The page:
When Arthur Peck became CEO at Gap two years ago, he knew the company’s performance wasn’t where it needed to be.

“We knew that we were in an industry that was changing dramatically,” he said during the company’s recent fourth-quarter earnings call. “And looking back on it now, I think we probably all underestimated the magnitude and speed of the changes taking place. It’s been pretty stark what’s been happening over the last year. I’m pleased with the progress that we’ve made, but we are in a market that is in significant disruption.”

Given that the apparel market is growing, Peck said, “we’re in a market that has long-term structural growth, has continued to grow, and that is a good thing. We believe, fundamentally, there is a significant market share opportunity. To read the headlines today, you’ll see the words dead, dying, sick. We are none of those. We are healthy and strong and have a plan and clear direction. But we can all pick our favorite company that’s no longer in business and when the lights go off and the windows get boarded over, that is the market share that is made available to the rest of the industry. She’s not stopping shopping. She’s shopping someplace else.”

But if you don’t get the basics right, anything else you try to achieve will be diminished, Peck noted.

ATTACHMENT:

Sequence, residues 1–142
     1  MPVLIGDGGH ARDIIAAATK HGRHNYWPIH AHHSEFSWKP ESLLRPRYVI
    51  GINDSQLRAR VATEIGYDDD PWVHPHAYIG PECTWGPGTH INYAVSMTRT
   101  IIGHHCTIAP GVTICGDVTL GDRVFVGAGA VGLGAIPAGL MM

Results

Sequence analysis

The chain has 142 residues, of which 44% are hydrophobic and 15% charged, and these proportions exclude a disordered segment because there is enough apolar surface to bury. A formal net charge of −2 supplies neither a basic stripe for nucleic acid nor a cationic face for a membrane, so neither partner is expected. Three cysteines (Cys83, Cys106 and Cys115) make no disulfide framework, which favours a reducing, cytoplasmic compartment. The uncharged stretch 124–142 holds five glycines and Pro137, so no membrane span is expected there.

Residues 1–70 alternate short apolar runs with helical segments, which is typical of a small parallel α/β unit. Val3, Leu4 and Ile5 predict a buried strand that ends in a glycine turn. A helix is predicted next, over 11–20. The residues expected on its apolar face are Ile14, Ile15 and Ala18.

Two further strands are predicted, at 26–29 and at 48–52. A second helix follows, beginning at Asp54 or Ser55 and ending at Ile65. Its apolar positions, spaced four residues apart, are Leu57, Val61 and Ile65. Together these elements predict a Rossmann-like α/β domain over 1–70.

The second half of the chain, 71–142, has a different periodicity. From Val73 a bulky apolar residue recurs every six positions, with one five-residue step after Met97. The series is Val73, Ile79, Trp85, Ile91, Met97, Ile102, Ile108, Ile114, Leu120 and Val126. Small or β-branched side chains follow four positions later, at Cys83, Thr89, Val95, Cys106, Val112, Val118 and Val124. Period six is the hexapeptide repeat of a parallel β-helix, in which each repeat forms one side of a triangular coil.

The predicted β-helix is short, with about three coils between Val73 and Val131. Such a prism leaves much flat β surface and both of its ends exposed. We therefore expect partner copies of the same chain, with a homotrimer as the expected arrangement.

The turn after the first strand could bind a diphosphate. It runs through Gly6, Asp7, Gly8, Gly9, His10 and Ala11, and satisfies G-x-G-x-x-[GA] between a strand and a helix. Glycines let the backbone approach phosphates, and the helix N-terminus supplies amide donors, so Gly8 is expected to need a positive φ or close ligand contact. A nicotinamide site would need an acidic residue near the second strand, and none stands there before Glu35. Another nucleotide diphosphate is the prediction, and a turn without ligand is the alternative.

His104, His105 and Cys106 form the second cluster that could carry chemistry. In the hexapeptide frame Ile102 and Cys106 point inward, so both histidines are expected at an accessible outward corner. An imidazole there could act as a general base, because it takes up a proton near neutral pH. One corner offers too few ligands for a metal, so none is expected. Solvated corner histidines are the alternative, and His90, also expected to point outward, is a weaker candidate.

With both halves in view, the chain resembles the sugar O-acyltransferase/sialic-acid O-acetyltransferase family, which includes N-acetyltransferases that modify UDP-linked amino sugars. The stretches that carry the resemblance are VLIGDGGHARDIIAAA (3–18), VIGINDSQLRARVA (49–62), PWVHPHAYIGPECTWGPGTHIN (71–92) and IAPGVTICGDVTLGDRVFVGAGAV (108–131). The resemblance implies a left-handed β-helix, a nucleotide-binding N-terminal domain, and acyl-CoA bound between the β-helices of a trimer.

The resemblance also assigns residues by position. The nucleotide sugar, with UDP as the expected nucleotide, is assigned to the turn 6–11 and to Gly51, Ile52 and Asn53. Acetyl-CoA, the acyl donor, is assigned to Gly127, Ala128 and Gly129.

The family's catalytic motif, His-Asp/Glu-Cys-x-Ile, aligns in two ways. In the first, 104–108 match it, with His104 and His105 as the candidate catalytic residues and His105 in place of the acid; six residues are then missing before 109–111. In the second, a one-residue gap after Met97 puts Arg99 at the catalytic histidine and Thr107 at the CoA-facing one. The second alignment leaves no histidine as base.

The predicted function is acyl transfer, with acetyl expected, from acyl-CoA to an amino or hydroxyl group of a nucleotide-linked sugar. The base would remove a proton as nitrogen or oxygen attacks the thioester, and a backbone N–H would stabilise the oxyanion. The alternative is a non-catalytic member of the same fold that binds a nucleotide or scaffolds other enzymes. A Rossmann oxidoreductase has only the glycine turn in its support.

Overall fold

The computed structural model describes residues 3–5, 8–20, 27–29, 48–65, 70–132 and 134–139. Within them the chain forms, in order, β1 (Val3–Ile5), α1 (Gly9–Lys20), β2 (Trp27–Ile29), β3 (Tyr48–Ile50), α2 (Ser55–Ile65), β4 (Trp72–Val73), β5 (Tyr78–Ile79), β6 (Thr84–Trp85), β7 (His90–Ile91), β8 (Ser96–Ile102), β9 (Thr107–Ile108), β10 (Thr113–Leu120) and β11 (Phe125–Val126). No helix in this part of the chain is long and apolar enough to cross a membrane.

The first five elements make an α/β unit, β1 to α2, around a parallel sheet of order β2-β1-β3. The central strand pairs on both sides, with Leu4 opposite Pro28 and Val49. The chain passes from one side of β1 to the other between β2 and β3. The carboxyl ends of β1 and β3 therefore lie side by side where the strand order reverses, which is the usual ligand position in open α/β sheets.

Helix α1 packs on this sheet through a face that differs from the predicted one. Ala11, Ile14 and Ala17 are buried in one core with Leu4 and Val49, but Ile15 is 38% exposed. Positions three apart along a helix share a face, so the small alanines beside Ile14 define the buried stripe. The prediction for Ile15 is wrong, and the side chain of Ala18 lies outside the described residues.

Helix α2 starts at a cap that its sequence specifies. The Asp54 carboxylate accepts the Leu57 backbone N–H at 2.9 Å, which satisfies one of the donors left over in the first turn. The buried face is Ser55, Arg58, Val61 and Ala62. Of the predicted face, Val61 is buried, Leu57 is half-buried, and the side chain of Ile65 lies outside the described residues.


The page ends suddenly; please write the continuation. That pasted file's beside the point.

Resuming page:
“We are a product company and we are a retailer,” he explained. “And if we don’t get our product right, we will not win, regardless of how good we are in digital or many other things. It starts with an emotional product that she connects to that has the right quality, the right fit, and the right value proposition.”

Peck said the market is continuing to move toward rewarding size and scale, “whether that’s vendor relationships that provide favorable pricing and innovation, whether it’s us with a multi-brand portfolio doing business with our landlords to optimize our real estate footprint, or frankly whether it’s our balance sheet and income statement where we see scale in investments, whether it’s technology, innovation, or other forms. But this is a market that is moving toward rewarding size and scale, and we believe that conveys us a significant structural advantage.”

Omni, almost a cliché term at this point, Peck said, pertains to Gap customers.

“Our customers are omni today and that is a fundamental reality,” he said. “Many of our customers begin their journeys with our brands on their phones and they finish it in our stores. Many of our customers begin their journeys with our brands in our stores and they finish it on their phones. And we’ve been doing work and we will continue to do work to really line up with where our customers are, not where they’re going, but where they are today. A time of disruption means that market share becomes more fluid. And if we put what we believe are our structural advantages together, along with much of the work that we’ve been doing on product and experience, we believe we have a significant opportunity to consolidate and gain market share going forward.”

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